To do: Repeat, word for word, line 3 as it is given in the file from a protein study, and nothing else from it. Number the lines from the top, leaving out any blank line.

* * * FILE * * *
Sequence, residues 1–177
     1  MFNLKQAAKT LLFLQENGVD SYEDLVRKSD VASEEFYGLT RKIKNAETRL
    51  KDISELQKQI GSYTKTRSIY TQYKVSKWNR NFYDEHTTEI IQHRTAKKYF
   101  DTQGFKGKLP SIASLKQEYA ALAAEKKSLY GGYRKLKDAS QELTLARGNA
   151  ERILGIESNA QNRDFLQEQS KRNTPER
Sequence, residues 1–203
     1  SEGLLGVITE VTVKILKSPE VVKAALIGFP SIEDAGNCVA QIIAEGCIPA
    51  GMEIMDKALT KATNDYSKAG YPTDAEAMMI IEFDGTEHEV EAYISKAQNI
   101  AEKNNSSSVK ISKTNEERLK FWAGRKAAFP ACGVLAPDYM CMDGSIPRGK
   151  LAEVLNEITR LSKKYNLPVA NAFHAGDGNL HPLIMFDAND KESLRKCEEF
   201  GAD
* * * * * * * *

    51  KDISELQKQI GSYTKTRSIY TQYKVSKWNR NFYDEHTTEI IQHRTAKKYF